New Jail Term Prosecutions Against Drug Drivers

Ministers are stepping in to introduce new laws to clamp down on drug driving. Offenders could find themselves being prosecuted and sentenced to up to 6 months according to latest reports. Ultimately the aim of this new legislation is to protect honest motorists and pedestrians from unnecessary accidents caused by the impaired driving ability of drug takers. In addition to time behind bars a substantial fine of up to £5,000 and a minimum driving ban of 12 months will be enforced against offenders.

This political move focuses on using specialist equipment known as ‘drugyalysers’ that can be used by police on a roadside to detect drug substances in saliva – similarly to alcohol breath testing. This can provide the sufficient evidence required to prosecute an individual in court – not readily available until now. In effect this will abolish the previous unreliable Field Impairment assessment whereby motorists were to prove their co-ordination and balance capabilities. Families of victims that have suffered injuries directly because of narcotic influenced driving are backing the movement in attempt to see justice done.

The drug screening equipment is expected to be ready within 3-4 months, giving time for legislation to be passed and to decide what drugs should be included within the new law. The most common narcotic taken that results in a road accident is cannabis – this causes brain impairment and loss of brain function. Therefore cannabis is a likely candidate to be involved in the new law. It is hoped the law will be a successful deterrent to people taking cannabis and driving. In many ways this can mirror the already proven benefits that breathalysing has shown us over the last decade. Although drink driving is still common amongst motorists, the introduction of laws against drunk driving undoubtedly has reduced road accidents.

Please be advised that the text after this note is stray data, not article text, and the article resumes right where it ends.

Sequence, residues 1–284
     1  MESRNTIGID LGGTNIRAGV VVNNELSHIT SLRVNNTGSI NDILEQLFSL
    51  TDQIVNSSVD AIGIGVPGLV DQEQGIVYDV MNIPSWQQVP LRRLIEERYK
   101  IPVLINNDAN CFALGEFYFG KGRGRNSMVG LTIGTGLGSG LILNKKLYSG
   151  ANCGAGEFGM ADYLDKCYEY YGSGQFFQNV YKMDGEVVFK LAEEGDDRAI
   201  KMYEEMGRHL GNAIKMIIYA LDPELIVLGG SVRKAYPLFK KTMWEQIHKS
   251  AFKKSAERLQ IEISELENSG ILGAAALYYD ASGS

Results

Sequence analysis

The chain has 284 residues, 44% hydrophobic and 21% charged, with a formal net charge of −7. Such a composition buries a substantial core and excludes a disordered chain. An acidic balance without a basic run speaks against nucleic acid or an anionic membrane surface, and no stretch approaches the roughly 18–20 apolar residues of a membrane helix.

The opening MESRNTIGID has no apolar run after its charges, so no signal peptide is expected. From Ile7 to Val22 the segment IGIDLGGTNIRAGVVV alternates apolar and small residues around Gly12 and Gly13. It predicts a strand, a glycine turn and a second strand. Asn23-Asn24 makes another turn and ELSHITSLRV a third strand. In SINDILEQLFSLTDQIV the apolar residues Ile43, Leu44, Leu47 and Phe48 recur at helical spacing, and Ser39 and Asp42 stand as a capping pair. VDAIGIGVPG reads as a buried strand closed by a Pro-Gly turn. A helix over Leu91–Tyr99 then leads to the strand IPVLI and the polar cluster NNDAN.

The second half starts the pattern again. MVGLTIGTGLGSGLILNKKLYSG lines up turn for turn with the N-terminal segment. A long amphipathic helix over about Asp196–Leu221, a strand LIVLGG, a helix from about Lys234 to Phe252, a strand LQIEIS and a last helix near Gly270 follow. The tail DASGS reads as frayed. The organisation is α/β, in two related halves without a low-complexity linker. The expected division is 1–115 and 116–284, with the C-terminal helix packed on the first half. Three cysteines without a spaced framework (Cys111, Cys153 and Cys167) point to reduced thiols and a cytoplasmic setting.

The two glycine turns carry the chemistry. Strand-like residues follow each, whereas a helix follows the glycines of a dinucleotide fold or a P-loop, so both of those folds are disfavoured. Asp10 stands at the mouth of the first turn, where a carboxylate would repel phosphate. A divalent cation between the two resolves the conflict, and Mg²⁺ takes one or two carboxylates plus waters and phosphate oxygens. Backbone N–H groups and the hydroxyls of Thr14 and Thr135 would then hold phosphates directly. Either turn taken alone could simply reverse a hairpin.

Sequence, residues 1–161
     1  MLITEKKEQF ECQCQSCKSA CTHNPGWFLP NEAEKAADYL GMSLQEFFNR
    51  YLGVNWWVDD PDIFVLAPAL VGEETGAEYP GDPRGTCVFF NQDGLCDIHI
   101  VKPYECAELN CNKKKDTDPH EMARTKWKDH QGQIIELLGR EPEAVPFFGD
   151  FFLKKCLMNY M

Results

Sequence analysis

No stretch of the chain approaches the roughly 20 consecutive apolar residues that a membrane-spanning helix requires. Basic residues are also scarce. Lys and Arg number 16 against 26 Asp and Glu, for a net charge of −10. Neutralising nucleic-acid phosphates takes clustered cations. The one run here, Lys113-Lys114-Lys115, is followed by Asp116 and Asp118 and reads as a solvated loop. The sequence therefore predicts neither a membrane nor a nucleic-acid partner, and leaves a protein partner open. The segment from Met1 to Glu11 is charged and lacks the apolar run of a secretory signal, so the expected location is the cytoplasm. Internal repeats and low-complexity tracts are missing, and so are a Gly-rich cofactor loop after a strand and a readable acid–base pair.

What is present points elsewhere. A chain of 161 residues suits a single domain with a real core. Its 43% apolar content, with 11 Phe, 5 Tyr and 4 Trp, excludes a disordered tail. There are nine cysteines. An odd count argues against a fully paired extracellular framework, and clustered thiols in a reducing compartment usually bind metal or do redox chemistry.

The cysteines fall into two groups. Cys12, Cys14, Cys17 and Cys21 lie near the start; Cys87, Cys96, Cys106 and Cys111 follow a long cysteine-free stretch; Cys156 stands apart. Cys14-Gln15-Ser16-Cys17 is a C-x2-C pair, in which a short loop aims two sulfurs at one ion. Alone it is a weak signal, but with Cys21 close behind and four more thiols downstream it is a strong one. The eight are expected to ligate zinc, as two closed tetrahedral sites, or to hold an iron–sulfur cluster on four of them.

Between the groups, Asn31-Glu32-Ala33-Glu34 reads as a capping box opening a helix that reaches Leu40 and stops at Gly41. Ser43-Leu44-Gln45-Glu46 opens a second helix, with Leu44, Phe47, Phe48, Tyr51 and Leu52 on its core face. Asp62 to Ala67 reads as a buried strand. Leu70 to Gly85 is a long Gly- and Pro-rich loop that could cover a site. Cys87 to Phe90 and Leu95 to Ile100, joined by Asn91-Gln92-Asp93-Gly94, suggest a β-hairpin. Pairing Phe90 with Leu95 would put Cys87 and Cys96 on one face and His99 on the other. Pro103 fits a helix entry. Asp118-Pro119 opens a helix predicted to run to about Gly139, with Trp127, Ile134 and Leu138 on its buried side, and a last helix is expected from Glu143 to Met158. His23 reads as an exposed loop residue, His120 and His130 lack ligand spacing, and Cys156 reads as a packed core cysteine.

The knock on effects of new legislation could make the future brighter in reducing car insurance premiums. Deterring narcotic use whilst driving will hopefully reduce road accidents along with fewer claims made on an insurance policy. This could be the turning point in lowering insurance premiums which we so drastically need in the midst of the current financial climate. In addition to reducing accidents, drug takers will be just as concerned about the effect a conviction will have on their renewal premiums. A driving ban significantly increases this renewal cost. So much in fact that many offenders may not be able to afford to drive even once their driving ban is lifted.

A prominent message is clearly being sent across the nation – the government will not tolerate drug-driving offences. It is impossible to disagree that this new legislation is not an excellent step towards providing a safer road environment and in due course lowering insurance premiums.

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